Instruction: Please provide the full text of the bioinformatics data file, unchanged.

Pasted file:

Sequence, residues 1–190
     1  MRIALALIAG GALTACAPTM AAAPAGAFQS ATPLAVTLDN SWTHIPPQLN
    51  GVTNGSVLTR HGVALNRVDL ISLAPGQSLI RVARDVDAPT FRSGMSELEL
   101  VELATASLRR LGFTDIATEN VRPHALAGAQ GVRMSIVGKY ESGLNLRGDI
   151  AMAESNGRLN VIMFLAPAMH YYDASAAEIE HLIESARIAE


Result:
Sequence, residues 1–190
     1  MRIALALIAG GALTACAPTM AAAPAGAFQS ATPLAVTLDN SWTHIPPQLN
    51  GVTNGSVLTR HGVALNRVDL ISLAPGQSLI RVARDVDAPT FRSGMSELEL
   101  VELATASLRR LGFTDIATEN VRPHALAGAQ GVRMSIVGKY ESGLNLRGDI
   151  AMAESNGRLN VIMFLAPAMH YYDASAAEIE HLIESARIAE